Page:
Years ago, I would pick the boys up from school and announce, “We’re going to Granny’s for the weekend!”
And it never failed, their response would be, “Can we have fried chicken?” [pullquote]”Can we have fried chicken?”[/pullquote]And it also never failed, that, in fact, we did. Every time. Along with mashed potatoes, butterbeans, creamed corn, hot biscuits and chocolate cake. Everybody’s favorites would be on the table whenever we visited. In our family, food is love and we always had lots of love at Granny’s house.
Fried chicken is an event at my house. It’s messy and fattening and just not something I make very often. But growing up, we had it at least once a week. Granny and Mama would even get up early on Sunday mornings and make fried chicken if we were having Family Dinner at church that day. I’m doing good to get myself to church before the preaching starts, so I can’t imagine cooking fried chicken beforehand.
I called Granny when I was putting this chicken together, just because I still like to call and make sure I’m doing it correctly. My grandmother lives about three hours south of us, so it’s long distance to call back and forth. The funny thing about calling her is that when you call on your dime, she will talk forever. But if she calls for something, she says what she needs to say and gets off the phone quickly. So, the photos in this post are probably not the best as I was balancing the phone on my shoulder the whole time I was making fried chicken and trying to hold the camera at the same time, because she was in a talking mood.
Granny has an old wooden bowl for flour, which I imagine many old Southern cooks have. I have one though mine is not as old. My grandfather carved it out for me twenty years ago. I don’t use it for flour, but keep it on a coffee table as decoration.
I remember Granny flouring her chicken or pork chops or cubed steak or whatever in that old bowl and then pushing it back under the counter where she kept it. The next morning she would pull it out, use the rest of the flour, and make biscuits. I asked her about this practice of reusing the old flour.
“Oh, sure I did,” she said. “But I sifted it first to get any lumps out.”
I told her that I throw away my leftover flour and she said that’s wasteful. Hard to argue too much, since three generations have now been raised on chicken and biscuits and whatever else came out of her kitchen with never a problem. Note to family and friends who will eat at my house: I promise to throw away my used chicken flour.
For this chicken, you can use a whole chicken already cut up or you can cut your own. I like to cut my own because the ones that are already cut in the store are way too big. If you buy a smaller, young and usually organic chicken, it hasn’t been on chicken steroids and therefore is a more reasonable size to deal with. You can also just use your favorite pieces, such as all breasts or all legs.
Salt and pepper all the pieces before you flour them.
Some of these pieces may appear unrecognizable. This is not the fault of the chicken but rather of the chicken-cutter who has yet to learn how to do it properly. Next, season your flour with a little salt and pepper and then dredge the chicken pieces.
Granny lets the chicken rest while the grease is getting hot, then just before dropping the chicken into the skillet she dredges it one more time through the flour. Then place a few pieces in the hot grease and let them cook. Dark meat —legs, thighs — takes longer than breasts and wings so I usually start with those.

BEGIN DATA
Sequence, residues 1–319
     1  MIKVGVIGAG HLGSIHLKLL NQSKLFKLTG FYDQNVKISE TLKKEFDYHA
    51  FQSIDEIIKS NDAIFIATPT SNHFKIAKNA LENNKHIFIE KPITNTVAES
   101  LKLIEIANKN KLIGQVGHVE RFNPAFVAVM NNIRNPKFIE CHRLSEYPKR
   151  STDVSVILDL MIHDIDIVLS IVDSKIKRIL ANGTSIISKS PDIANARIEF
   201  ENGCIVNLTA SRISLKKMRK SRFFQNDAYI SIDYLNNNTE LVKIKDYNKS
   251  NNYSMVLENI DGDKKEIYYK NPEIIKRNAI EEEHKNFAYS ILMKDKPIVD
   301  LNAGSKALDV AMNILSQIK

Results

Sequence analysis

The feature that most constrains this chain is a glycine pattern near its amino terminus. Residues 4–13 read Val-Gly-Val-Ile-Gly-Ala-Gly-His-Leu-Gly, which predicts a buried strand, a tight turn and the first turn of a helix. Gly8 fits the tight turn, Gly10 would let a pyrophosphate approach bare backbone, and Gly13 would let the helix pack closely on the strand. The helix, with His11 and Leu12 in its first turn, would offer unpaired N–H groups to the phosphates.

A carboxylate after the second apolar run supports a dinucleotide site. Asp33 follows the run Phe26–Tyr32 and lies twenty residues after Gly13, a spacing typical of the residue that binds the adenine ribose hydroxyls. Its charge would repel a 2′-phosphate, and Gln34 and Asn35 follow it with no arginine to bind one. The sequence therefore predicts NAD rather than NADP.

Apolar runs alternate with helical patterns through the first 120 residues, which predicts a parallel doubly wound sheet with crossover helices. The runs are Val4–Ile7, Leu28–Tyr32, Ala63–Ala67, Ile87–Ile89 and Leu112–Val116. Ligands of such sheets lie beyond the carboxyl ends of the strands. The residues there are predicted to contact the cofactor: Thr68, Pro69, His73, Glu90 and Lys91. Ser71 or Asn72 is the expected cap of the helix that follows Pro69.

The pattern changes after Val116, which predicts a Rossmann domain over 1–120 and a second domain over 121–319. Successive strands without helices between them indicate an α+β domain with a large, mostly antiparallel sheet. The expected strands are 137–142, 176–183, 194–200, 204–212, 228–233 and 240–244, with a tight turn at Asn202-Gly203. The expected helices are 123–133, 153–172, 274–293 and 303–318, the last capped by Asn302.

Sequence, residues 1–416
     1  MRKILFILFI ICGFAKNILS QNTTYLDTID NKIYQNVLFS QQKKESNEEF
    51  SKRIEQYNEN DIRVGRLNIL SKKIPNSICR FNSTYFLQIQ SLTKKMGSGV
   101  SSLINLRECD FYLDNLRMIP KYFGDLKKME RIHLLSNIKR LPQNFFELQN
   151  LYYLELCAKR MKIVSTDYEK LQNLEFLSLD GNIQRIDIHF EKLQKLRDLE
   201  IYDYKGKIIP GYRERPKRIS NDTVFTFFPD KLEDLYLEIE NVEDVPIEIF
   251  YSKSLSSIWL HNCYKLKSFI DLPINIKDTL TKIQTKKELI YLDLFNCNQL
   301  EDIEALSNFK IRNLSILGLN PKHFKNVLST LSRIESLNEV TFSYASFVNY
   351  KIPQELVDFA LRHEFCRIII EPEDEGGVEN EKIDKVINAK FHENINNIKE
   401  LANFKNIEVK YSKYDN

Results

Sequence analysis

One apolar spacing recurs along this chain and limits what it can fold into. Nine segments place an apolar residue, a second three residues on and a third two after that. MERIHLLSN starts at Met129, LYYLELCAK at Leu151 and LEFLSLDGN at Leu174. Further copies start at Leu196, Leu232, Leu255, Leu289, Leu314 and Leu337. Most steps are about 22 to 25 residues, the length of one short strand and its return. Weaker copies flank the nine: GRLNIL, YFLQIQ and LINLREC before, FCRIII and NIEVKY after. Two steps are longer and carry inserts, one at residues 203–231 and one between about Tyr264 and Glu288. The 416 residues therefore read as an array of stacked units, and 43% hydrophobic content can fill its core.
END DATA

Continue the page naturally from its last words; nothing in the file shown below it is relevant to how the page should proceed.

You need to stay close by and keep an eye on your chicken. After a few minutes, turn it and cook for another couple of minutes. At this point, I usually cover it, leaving the edge open, and let it cook a bit longer, then turn again and cover again. Covering helps with browning. It will take anywhere from 15-20 minutes for the legs to get done. I still have to cut into mine once I take them out, just to make sure they are done. You can use a thermometer and check the temperature of the grease to maintain and you can check the temperature of your chicken, which should be 170° to make sure it’s done, but I never do this. Too much trouble.
You want to get a nice, deep golden brown and then you’ll know it’s done. The photo above is not quite there and will need to be turned a couple more times. If you keep the grease hot enough but not too hot, turn the chicken frequently enough but not too frequently and take it out at the right time, you’ll have chicken that’s crispy and juicy but not greasy or dry. It sounds complicated but after making it a couple of times you’ll find that it’s really easy.
- 1 small chicken cut into pieces
- 3 cups all-purpose flour
- 2 teaspoons salt
- 2 teaspoons pepper
- 2 cups Crisco or peanut oil may need more
- Line a large platter with paper towels or brown paper bags.
Season both sides of chicken with 1 teaspoon each of salt and pepper. Add remaining salt and pepper to the flour in a large bowl and dredge the chicken pieces through the flour, then set chicken aside.
Heat the shortening or oil in a large, deep skillet on medium-high until it sizzles when a drop of water is added. This would be about 375.
- Just before adding chicken, dredge each piece through the flour again, shaking slightly to remove excess, then place each piece one at a time in the hot oil. Do not overcrowd the skillet.
- Cook, turning about every three minutes until chicken is brown on all sides. This will probably take about ten minutes.
Then cover the skillet, leaving one side open slightly to vent, and turn heat down to medium. Cook another 8-10 minutes, turning occasionally, until chicken is deep, golden brown.
- Dark meat may take a little longer and should be 170 when done.
- Place chicken pieces on the lined platter and cover with aluminum foil until ready to eat.